A Summer BBQ Festival: A Face of America

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June 24, 2018

The summer is finally descending on to our area.  It seems as if the rain has been incessant, soaking my treasured tropical and cactus plants on my deck.  We saw some speckles of sun yesterday and decided to keep our plan to go to a BBQ and Music festival in Washington DC.

We are trying to keep ourselves on mostly a fish and vegetable diet, but we can’t talk about summers in America without mentioning BBQ.  It’s in the fabric of America, this culture of meat grilling in the summer in our backyard, by a lake or in a park.  Every culture in America seems to have its own style of BBQ: Koreans, Chinese, Filipinos, Jamaicans, Indians, Europeans, Brazilians etc…. The spices and taste can be very different.

While marching toward the festival, we saw hundreds of people marching with signs around the Capitol Hill area.  Obviously, there was yet another political march taking place in Washington DC.  The tourists from red tour busses were snapping away photos with their big cameras and cell phones.  I was snapping away photos of signs that I found meaningful.

“Fight Poverty, Not The Poor”

Why fighting the poor? I pondered.  Our society had become so polarized in the last few years it seems as if many good people are divided into two teams now.  What’s truth and what’s a lie?  It is a difficult era for young people to easily differentiate good from evil, well intentioned acts from selfish acts.  It’s the time to reflect upon ourselves and sort out what we believe in.  Do we see the world as a community, or should we care solely for our own survival?  Darwinian behaviors might not always be the most compassionate way to live.  Who is the fittest, and how do we define being “fittest?”  Only in the Washington DC area can we see a gluttonous BBQ festival a block away from a political march focusing on those living in poverty.  Some of the young “activists,” still clutching their signs, were in line for beer and BBQ after the march.  Welcome to America!  In North Korea, these young ones would have been ushered into some dark cars  and never to be seen by their family members.  We should never lose sight of our democracy and free speech.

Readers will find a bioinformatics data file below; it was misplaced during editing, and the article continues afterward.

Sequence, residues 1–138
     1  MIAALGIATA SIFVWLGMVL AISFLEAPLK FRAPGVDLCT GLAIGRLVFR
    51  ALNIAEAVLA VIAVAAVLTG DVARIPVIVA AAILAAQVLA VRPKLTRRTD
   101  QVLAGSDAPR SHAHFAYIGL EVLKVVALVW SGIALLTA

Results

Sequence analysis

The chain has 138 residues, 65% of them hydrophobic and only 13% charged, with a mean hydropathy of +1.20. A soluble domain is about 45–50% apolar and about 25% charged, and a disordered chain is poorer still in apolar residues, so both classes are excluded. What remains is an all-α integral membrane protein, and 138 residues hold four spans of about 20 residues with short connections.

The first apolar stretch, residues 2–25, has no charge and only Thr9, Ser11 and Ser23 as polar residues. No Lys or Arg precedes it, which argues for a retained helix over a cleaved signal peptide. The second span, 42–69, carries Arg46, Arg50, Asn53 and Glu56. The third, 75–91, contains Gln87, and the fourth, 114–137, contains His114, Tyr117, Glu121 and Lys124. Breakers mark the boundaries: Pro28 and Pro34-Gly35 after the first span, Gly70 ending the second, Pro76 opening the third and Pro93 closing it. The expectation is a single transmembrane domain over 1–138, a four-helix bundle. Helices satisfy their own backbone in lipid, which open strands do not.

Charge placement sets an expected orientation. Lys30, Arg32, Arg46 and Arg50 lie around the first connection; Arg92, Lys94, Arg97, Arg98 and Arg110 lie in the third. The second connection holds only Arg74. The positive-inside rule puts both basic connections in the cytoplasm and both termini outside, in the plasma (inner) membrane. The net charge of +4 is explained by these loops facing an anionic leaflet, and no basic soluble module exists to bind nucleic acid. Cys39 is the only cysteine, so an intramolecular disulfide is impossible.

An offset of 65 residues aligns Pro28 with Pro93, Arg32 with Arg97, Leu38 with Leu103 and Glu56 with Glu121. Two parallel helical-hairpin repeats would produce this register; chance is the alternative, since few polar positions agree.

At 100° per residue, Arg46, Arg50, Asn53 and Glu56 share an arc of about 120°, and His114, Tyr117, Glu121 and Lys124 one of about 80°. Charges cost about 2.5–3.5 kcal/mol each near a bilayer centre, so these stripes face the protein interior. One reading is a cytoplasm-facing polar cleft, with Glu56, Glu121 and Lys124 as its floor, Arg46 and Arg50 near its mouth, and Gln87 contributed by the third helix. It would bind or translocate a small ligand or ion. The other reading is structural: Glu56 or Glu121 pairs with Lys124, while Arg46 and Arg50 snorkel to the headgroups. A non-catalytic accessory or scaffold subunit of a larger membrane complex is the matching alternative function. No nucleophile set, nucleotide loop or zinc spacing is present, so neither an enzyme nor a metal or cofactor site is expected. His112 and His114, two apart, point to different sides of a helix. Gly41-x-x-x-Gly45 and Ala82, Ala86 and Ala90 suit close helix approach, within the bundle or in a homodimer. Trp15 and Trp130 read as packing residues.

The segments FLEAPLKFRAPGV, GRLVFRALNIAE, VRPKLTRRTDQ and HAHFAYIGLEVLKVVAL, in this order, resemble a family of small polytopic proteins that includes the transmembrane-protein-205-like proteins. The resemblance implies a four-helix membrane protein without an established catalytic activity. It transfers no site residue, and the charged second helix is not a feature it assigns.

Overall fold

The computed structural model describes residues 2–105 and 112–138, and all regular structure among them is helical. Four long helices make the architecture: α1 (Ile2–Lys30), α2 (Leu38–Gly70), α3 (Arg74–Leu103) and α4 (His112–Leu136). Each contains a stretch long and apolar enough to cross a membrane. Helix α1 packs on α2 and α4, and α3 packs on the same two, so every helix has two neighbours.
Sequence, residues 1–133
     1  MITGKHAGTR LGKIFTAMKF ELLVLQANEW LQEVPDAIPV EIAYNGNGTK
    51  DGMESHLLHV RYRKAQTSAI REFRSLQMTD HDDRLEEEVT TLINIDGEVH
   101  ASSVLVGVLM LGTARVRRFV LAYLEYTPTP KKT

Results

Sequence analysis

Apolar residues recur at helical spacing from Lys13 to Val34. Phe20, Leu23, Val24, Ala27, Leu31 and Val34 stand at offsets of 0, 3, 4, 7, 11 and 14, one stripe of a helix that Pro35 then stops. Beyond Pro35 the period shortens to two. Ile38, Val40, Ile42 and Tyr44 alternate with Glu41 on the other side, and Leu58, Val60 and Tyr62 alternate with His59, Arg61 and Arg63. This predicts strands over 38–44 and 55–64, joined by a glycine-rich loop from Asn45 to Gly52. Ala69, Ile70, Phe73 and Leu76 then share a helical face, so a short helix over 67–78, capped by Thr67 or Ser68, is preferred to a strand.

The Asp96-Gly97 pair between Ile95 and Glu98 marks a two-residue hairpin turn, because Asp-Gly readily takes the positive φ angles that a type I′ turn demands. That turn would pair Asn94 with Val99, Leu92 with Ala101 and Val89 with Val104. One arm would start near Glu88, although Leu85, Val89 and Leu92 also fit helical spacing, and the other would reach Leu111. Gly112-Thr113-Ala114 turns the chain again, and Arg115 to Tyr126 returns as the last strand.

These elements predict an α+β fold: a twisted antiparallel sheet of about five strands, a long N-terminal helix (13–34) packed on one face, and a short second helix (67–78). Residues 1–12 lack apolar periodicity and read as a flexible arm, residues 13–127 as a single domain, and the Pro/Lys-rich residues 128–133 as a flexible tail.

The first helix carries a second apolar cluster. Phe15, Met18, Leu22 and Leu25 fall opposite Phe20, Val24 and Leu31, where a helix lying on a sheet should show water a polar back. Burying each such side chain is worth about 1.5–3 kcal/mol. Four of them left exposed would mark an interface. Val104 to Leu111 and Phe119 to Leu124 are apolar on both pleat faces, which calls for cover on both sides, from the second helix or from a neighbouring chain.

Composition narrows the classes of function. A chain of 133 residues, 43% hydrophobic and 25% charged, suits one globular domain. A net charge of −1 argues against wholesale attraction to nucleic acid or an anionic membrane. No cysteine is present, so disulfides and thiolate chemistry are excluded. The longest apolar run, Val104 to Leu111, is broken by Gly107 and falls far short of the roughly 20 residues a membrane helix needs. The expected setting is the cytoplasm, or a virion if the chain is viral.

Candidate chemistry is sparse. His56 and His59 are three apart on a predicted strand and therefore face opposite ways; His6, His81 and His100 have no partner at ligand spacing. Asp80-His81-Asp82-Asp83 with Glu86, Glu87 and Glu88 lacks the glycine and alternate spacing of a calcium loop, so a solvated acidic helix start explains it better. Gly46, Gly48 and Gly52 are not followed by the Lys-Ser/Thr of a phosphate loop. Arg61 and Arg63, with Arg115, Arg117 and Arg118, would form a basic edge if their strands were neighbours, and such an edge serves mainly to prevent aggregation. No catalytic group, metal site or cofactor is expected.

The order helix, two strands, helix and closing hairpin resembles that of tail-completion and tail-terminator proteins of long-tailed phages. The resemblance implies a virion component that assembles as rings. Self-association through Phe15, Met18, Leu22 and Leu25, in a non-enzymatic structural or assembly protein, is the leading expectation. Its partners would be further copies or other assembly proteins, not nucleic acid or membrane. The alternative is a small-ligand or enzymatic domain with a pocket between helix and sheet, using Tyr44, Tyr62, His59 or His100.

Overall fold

My husband and I had a great time at the BBQ festival with so many people, so many ethnic groups, so many different kinds of food.  Anthony Bourdain would have loved this crowd, one that represents the true face of America, a blended crowd standing in line together for something they have in common, a love for BBQ food.  Bourdain would have reminded us how all of us are very much the same, how we all gather in groups of friends and families for the food we love.

We watched a Jamaican flag flying against the blue sky, in front of a Jamaican jerk chicken stand, side by side with a flag with Bob Marley’s face and his name.  Bob Marley was a resident of Jamaica.  There were many Asians like me standing in line for the sinful “Loading Fries,” a combination of grilled pulled pork on a bed of French fries, smothered with melted American cheese and chopped scallions.  I guess the vegetarians could have asked for one without pulled pork.  It is so “American” to eat such food.  It might not be the kind of food we should eat if we are concerned about our longevity, but life doesn’t go on forever even if we stop eating loading fries.  One order of loading fries was more than enough to feed me and my husband for two days as part of our main meal.  We eat the “Weight Watchers” way, with everything in small portions.

This evening, CNN will air one of the two last episodes of Anthony Bourdain’s Parts Unknown.  I still have some leftover loading fries from yesterday and will have some in his memory.  It was a good day in Washington DC.  Bourdain would have been glad there are still those of us who, while having gratitude about our safe and prosperous life, do not forget those we need to fight for.  He would have been glad I thanked the young servers, who probably were from the inner city and who stood in the hot sun for 14 hours on each day of the festival to serve the crowd, by giving them generous tips. 

The crowd, Bourdain would have been happy, was not close to being homogenous.  After all, it is the capital of our country America.  America, the country built by brilliant minds from so many different parts of the world, some parts still unknown to most Americans.  Their shared ideas and innovations have made America among the most powerful of countries even when she is among the youngest ones.  Like Bourdain, I am grateful all of us, from different parts of the world, have melted into one blended nation.  Otherwise, the whole BBQ festival would be limited to one block, with the same sauces, same condiments, same meat, same music and same types of people.